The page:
Paulo Moura Hepteto "Fibra" (Equipe, 1971)
Moura, frankly, is a bit in the background on this sedate, reserved set which further demonstrates the shift in Brazilian jazz from the straightahead, bop-tinged outings of the old '60s bossa trios era to the denser compositional style of MPB stylists such as Wagner Tiso and Milton Nascimento. Three of Nascimento's songs are covered on here, including "Cravo e Canela" and "Tema dos Deuses," and Milton plays piano on one of the tracks. Tiso is the other major force on this album, offering an equal number of tunes, and providing the arrangements for most of the other songs, often in conjunction with Nascimento. The slow, deliberate pace of the disc may make it hard to really sink your teeth into this record, but the attention to harmonics and altered tempo makes this album a clear missing link in the growth of the expansive, cerebral ouvre of the Club Do Esquina crowd that surrounded Nascimento and his pals, a warm-up, if you will, for gems such as the Club Do Esquina and Milagre Dos Peixes albums that followed.
Paulo Moura "Confusao Urbana, Suburbana E Rural" (RCA, 1976)
Paulo Moura/Elomar/Arthur Moreira Lima/Heraldo Do Monte "ConSertao" (Kuarup, 1982)
Paulo Moura "Mistura E Manda" (Kuarup, 1983)
Paulo Moura & Clara Sverner "Paulo Moura & Clara Sverner" (EMI-Angel, 1986)
Paulo Moura "Gafeira, Etc & Tal" (Kuarup, 1986)
Paulo Moura & Clara Sverner "Vou Vivendo" (CBS, 1988)
An earlier album of duets arranged for the piano and clarinet.
Paulo Moura & Clara Sverner "Interpretam Pixinguinha" (CBS, 1988)
(Produced by Mauricio Quadrio)
Wow! A beautiful, very striking set of piano-clarinet duets which slyly interweaves Pixinguinha oldies with North American Tin Pan Alley standards. Clara Sverner has a brisk, decisive, Gershwinesque flair, and she and Moura are clearly very much in synch. Delightfully playful, lively takes on these old, familiar themes. Certainly one of the most enjoyable choro albums I've ever heard, neither saccharine nor severe. Features arrangements by Paulo Moura, Alberto Arantes, Cristovao Bastos and Laercio De Freitas. Highly recommended.
Paulo Moura & Ociladoce "Interpretam Dorival Caymmi" (Som Livre, 1991)
(Reissued on the Biscoito Fino label in 2007.)
Paulo Moura & Raphael Rabello "Dois Irmaos" (Caju/Milestone, 1992)
Beautiful! Highly recommended. Although there is only one song by Pixinguinha on here ("1 X 0"), this can be seen as a warmup for Moura's lauded Pixinguinha album of 1998 (see above). This is choro music at its warmest (although, admittedly, a bit flowery and romantic... These duets are much less rigorously arrranged than on the '98 album; Moura's clarinet work is sensitive and nuanced, with a wide dynamic range. He slides from mournful to majestic, constantly urged on by Raphael Rabello's guitar work, which is dead-on perfect throughout. It's a very nice record, possibly a little hard to find these days, but well worth looking for.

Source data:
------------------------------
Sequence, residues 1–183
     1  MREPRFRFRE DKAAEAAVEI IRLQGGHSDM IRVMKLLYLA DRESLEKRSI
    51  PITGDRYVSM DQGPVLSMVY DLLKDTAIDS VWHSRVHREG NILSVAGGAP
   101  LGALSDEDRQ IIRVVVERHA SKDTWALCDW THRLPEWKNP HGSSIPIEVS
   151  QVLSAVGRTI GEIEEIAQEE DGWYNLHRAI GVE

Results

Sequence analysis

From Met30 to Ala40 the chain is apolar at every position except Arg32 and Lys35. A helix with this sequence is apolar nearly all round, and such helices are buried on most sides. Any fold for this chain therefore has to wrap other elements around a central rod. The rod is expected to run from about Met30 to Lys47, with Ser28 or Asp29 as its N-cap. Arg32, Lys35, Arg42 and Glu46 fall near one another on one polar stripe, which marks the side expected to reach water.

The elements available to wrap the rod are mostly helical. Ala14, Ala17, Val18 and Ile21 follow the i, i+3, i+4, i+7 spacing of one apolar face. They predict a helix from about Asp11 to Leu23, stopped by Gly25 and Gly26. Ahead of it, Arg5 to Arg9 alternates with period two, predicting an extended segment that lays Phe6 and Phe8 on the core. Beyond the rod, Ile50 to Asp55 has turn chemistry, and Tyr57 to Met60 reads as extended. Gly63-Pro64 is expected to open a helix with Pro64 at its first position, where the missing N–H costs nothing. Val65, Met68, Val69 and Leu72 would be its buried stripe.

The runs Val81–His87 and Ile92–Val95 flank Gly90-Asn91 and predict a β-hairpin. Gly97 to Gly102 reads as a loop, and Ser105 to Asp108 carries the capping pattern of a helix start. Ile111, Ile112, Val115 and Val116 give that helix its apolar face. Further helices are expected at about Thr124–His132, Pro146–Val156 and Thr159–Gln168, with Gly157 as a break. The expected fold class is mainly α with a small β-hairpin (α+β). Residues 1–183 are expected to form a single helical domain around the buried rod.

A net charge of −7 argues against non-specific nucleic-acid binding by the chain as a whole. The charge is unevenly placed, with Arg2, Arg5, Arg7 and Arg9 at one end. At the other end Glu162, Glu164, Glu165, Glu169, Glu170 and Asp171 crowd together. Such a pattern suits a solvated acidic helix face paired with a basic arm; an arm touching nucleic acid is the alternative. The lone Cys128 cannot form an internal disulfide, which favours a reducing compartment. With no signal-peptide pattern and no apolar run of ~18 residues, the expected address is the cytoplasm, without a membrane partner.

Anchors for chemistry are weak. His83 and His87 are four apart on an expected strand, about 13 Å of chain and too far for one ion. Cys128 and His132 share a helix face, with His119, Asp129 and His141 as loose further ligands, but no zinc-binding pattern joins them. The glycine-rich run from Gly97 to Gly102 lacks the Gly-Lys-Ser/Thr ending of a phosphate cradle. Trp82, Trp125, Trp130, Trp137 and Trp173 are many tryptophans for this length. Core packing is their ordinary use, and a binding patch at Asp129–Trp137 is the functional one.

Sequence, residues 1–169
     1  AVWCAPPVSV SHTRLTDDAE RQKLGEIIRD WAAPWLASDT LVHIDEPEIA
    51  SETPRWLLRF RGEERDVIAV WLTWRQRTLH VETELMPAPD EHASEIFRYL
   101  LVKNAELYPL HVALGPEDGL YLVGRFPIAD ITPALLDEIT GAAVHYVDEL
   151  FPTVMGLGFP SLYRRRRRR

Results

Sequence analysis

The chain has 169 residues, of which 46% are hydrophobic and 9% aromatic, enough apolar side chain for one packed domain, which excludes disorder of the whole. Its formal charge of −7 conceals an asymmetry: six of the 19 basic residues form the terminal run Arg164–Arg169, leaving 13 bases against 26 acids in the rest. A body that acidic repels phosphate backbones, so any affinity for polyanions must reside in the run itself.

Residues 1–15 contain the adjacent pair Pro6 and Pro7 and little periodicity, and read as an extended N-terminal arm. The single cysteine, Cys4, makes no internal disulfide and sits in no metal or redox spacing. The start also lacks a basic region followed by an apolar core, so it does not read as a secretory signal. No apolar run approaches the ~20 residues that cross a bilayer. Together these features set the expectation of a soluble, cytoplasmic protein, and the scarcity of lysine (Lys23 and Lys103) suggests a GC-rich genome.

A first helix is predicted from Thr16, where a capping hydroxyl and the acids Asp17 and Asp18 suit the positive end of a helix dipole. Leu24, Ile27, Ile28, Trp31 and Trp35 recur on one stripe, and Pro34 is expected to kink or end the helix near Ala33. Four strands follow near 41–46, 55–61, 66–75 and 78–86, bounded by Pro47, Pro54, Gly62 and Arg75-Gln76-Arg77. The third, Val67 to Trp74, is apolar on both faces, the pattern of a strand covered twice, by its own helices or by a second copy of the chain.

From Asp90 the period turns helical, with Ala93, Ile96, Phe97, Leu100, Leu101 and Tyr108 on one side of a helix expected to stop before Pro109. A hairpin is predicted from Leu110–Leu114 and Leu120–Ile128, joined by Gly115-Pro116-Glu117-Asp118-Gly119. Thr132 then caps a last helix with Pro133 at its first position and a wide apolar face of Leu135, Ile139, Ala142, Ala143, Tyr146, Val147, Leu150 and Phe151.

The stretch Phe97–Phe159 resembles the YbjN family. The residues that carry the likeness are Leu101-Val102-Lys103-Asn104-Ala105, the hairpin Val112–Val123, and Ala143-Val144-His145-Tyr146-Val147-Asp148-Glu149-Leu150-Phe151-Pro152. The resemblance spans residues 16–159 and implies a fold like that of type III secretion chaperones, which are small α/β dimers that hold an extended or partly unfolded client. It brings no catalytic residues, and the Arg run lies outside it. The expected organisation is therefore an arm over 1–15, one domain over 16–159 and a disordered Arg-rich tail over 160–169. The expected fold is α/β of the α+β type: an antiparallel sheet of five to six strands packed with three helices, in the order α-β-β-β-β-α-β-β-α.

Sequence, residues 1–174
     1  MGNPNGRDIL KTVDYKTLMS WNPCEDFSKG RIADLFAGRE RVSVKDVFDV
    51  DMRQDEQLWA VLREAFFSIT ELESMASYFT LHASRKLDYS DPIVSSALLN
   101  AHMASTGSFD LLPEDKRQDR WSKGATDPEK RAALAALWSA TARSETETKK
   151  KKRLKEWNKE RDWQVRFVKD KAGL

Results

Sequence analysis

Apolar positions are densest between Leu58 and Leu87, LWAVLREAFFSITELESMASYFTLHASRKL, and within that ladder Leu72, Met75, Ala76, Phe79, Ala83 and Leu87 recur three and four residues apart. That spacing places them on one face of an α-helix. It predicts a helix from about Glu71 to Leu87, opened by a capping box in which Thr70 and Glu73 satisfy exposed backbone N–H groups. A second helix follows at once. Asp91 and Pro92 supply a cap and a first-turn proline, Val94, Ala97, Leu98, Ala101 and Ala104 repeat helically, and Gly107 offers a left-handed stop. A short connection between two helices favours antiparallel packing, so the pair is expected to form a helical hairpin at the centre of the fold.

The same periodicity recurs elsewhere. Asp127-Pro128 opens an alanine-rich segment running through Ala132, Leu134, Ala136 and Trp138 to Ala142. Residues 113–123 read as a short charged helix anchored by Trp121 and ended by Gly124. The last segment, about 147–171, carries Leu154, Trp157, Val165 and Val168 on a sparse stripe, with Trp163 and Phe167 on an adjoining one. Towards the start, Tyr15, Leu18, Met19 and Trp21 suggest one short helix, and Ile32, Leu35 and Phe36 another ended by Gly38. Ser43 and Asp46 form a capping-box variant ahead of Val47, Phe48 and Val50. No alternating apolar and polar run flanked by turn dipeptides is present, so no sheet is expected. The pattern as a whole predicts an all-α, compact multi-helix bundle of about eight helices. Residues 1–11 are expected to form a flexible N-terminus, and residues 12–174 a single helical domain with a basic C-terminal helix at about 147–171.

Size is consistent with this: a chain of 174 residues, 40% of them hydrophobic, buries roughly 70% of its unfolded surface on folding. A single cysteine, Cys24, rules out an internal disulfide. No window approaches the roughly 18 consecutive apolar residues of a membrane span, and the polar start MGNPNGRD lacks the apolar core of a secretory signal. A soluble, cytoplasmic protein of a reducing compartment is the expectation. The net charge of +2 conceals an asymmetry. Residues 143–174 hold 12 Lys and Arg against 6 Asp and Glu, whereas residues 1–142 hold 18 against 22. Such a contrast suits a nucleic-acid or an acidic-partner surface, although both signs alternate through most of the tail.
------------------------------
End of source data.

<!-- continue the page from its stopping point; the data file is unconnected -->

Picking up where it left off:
Paulo Moura "Rio Nocturnes" (Messidor, 1992)
Soft, lite jazz instrumentals, in the commercialized terrain of Dave Sanborn and his ilk... This album, recorded in Berlin with several German jazz cats, yields its modest Brazilian-ness pretty late in the game, and only after several nondescript muzak-y tunes have set the tone... Not really my cup of tea.
Paulo Moura & Nivaldo Ornellas "Instrumental No CCBB" (Tom Brasil, 1993)
Paulo Moura & Wagner Tiso "Brasil Musical - Live" (Tom Brasil, 1996)
Paulo Moura & Os Batutas "Pixinguinha" (Blue Jackel, 1998)
(Produced by Denilson Campos)
A beautiful, award-winning live tribute to the great choro/samba master. Multi-instrumentalist Moura, who is known for his work in jazz as well as traditional styles, skillfully recreates sixteen classic compositions of the pre-pre-bossa nova years. With the advantage of modern fidelity, these recordings bring out the full complexity of the compositions. The melodic interplay between Moura on clarinet or alto sax, the bandolim of Joel Nascimento, and the ukelele and guitar work of the rest of the band is a technical -- and soulful -- tour de force. Admittedly, there is not much stylistic variation here, and your attention may wander after a dozen tracks or so, but chances are you'll be whistling the tunes later that day. Highly recommended!
Paulo Moura & Cliff Korman "Mood Ingenuo: Pixinguinha Meets Duke Ellington" (Jazzheads, 1999)
Paulo Moura "Visita Gershwin & Jobim" (Pau Brasil, 2000)
(Re-released in 2008 on Biscoito Fino)
Paulo Moura "K-Ximblues" (Rob, 2002)
Paulo Moura "Estacao Leopoldina" (MEC, 2003)
Paulo Moura & Yamandu Costa "Negro Del Blanco" (Biscoito Fino, 2004)
Paulo Moura/Various Artists "Um Sopro Do Brasil" (2006)
Paulo Moura & Armandinho "Afro Bossa Nova" (Biscoito Fino, 2005)
Joao Donato & Paulo Moura "Dois Panos Para Manga" (Biscoito Fino, 2006)
Paulo Moura "Pra Ca E Pra La: Paulo Moura Trilha Jobim E Gershwin" (Biscoito Fino, 2008)
(Originally issued in 2008 on the Pau Brasil label.)
Paulo Moura & Cliff Korman "Gafieira Jazz" (Rob Digital, 2009)
Paulo Moura & Josildo Sa "Samba De Latada" (Rob Digital, 2009)
Paulo Moura "Alento" (Biscoito Fino, 2010)
Paulo Moura "Alma Rio" (Varese Sarabande/Fuel, 2000)